But we can’t just wait for the government: the Coal Action Network also calls on those of us who consume electricity supplied from unsustainable fuels to stand in solidarity with those most affected and take our complaints directly to the companies involved, by taking action against mining, coal infrastructure, and power station operators. Now is the time to ditch coal.
To see the complete Ditch Coal report, or to get involved in the struggle against coal see www.coalaction.org.uk. Anne Harris is a campaigner with the Coal Action Network and co-author of the report.
Andrew Dolan on how the left must match the anti-establishment rhetoric of the right, but with a different politics
In the first of a series of interviews with migrants' rights and racial justice activists from the US, Marienna Pope-Weidemann speaks to Peter Pedemonti, co-founder and director of the New Sanctuary Movement in Philadelphia
Yasmin Gunaratnam reflects on John Berger’s gut solidarity with the stranger
Charlie Clarke and Heather Mendick discuss how to work through the tensions within Momentum
In 1972 David Widgery wrote about the bitter intensity of love in capitalism
Emma Snaith speaks with directors Emer Mary Morris and Nina Scott about the power of theatre to encourage community resistance to estate demolitions.
Photos from The World Transformed festival in Liverpool, by David Walters
A short story by Kirsten Irving
Nadhira Halim and Andy Edwards report on the range of creative responses to the housing crisis that are providing secure, affordable housing across the UK
As man-made global warming gets closer to the tipping point, Andrew Simms finds reasons to be positive about averting catastrophic climate change
Greenwald speaks Trump, War on Terror, and citizen activism
Glenn Greenwald was interviewed by Amandla Thomas-Johnson over the phone from Brazil. Here is what he had to say on the War on Terror, Trump, and the 'special relationship'
Pass the domestic violence bill
Emma Snaith reports on the significance of the new anti-domestic violence bill
Report from the second Citizen’s Assembly of Podemos
Sol Trumbo Vila says the mandate from the Podemos Assembly is to go forwards in unity and with humility
Protect our public lands
Last summer Indigenous people travelled thousands of miles around the USA to tell their stories and build a movement. Julie Maldonado reports
From the frontlines
Red Pepper’s new race editor, Ashish Ghadiali, introduces a new space for black and minority progressive voices
How can we make the left sexy?
Jenny Nelson reports on a session at The World Transformed
In pictures: designing for change
Sana Iqbal, the designer behind the identity of The World Transformed festival and the accompanying cover of Red Pepper, talks about the importance of good design
Angry about the #MuslimBan? Here are 5 things to do
As well as protesting against Trump we have a lot of work to get on with here in the UK. Here's a list started by Platform
Who owns our land?
Guy Shrubsole gives some tips for finding out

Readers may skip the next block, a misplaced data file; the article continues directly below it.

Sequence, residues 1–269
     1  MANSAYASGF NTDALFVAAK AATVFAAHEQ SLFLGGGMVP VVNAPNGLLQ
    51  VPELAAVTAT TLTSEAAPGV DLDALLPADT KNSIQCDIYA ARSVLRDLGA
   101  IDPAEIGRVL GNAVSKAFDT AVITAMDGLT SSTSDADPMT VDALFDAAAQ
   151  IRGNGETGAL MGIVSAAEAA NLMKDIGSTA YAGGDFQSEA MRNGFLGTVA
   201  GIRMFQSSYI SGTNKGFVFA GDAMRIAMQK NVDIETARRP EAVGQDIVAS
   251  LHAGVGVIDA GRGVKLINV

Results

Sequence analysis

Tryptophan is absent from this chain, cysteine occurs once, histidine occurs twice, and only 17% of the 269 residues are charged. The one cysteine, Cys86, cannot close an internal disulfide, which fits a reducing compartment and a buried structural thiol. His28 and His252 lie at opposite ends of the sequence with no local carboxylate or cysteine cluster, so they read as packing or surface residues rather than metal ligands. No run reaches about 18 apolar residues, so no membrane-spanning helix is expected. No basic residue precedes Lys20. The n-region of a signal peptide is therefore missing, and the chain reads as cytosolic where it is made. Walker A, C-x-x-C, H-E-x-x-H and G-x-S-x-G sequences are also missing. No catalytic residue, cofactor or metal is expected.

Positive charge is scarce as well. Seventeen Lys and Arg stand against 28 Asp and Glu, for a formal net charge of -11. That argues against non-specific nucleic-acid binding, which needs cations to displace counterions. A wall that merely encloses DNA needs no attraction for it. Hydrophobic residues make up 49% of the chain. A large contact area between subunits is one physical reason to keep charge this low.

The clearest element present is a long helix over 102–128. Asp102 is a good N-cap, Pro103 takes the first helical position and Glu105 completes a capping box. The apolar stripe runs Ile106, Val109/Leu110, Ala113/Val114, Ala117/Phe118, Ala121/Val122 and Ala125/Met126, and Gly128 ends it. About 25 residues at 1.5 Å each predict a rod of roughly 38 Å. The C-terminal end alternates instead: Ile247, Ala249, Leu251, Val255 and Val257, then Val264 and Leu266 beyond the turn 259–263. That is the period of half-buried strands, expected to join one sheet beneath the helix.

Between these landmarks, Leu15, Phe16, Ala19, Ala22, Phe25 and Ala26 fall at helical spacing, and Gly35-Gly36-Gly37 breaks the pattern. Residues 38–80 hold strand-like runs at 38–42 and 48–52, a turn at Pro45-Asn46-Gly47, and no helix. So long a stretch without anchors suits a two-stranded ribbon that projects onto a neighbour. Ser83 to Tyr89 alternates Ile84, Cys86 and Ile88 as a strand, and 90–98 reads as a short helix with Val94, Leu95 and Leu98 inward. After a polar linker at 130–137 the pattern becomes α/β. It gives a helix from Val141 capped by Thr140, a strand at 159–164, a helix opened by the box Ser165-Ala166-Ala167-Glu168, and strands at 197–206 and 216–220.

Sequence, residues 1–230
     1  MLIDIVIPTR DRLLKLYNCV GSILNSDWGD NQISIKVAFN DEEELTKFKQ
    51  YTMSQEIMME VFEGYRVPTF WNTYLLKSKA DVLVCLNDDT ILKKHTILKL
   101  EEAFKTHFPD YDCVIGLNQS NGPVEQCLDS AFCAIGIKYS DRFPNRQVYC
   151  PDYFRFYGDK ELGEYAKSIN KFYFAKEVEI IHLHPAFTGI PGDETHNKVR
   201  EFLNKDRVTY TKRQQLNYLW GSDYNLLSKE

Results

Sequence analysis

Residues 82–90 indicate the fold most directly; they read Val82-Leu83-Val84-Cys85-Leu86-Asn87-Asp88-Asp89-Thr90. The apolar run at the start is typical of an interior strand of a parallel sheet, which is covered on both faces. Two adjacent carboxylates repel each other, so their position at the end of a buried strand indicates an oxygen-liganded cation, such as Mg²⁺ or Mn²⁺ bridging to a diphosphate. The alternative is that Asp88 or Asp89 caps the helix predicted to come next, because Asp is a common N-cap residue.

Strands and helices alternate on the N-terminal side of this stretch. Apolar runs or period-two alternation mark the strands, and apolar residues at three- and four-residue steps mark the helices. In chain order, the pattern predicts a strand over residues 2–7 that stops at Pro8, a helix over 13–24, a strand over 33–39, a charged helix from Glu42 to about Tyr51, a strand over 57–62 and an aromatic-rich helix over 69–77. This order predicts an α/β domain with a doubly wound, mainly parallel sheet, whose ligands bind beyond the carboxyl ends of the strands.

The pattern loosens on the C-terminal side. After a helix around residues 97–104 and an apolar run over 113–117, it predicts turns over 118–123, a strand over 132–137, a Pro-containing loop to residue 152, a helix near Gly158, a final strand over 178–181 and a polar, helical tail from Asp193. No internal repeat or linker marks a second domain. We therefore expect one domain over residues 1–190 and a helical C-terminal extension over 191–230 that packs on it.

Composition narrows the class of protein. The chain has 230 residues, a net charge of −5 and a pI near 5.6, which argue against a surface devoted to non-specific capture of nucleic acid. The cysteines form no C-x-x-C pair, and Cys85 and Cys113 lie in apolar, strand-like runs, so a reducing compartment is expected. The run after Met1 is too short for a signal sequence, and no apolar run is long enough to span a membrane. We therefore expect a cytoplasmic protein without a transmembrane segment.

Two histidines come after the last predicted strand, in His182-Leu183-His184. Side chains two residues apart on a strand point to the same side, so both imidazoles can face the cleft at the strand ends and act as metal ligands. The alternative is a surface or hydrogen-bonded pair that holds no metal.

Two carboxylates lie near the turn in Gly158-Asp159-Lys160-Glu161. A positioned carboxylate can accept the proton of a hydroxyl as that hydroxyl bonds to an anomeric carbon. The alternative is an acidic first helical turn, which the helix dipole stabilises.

Don’t delay – ditch coal
Take action this month with the Coal Action Network. By Anne Harris
Utopia: Work less play more
A shorter working week would benefit everyone, writes Madeleine Ellis-Petersen
Mum’s Colombian mine protest comes to London
Anne Harris reports on one woman’s fight against a multinational coal giant
Bike courier Maggie Dewhurst takes on the gig economy… and wins
We spoke to Mags about why she’s ‘biting the hand that feeds her’
Utopia: Daring to dream
Imagining a better world is the first step towards creating one. Ruth Potts introduces our special utopian issue
A better Brexit
The left should not tail-end the establishment Bremoaners, argues Michael Calderbank
News from movements around the world
Compiled by James O’Nions
Podemos: In the Name of the People
'The emergence as a potential party of government is testament both to the richness of Spanish radical culture and the inventiveness of activists such as Errejón' - Jacob Mukherjee reviews Errejón and Mouffe's latest release
Survival Shake! – creative ways to resist the system
Social justice campaigner Sakina Sheikh describes a project to embolden young people through the arts
‘We don’t want to be an afterthought’: inside Momentum Kids
If Momentum is going to meet the challenge of being fully inclusive, a space must be provided for parents, mothers, carers, grandparents and children, write Jessie Hoskin and Natasha Josette
The Kurdish revolution – a report from Rojava
Peter Loo is supporting revolutionary social change in Northern Syria.
How to make your own media
Lorna Stephenson and Adam Cantwell-Corn on running a local media co-op
Book Review: The EU: an Obituary
Tim Holmes takes a look at John Gillingham's polemical history of the EU
Book Review: The End of Jewish Modernity
Author Daniel Lazar reviews Enzo Traverso's The End of Jewish Modernity
Lesbians and Gays Support the Migrants
Ida-Sofie Picard introduces Lesbians and Gays Support the Migrants – as told to Jenny Nelson
Book review: Angry White People: Coming Face to Face With the British Far-Right
Hilary Aked gets close up with the British far right in Hsiao-Hung Pai's latest release
University should not be a debt factory
Sheldon Ridley spoke to students taking part in their first national demonstration.
Book Review: The Day the Music Died – a Memoir
Sheila Rowbotham reviews the memoirs of BBC director and producer, Tony Garnett.
Power Games: A Political History
Malcolm Maclean reviews Jules Boykoff's Power Games: A Political History
Book Review: Sex, Needs and Queer Culture: from liberation to the post-gay
Aiming to re-evaluate the radicalism and efficacy of queer counterculture and rebellion - April Park takes us through David Alderson's new work.
A book review every day until Christmas at Red Pepper
Red Pepper will be publishing a new book review each day until Christmas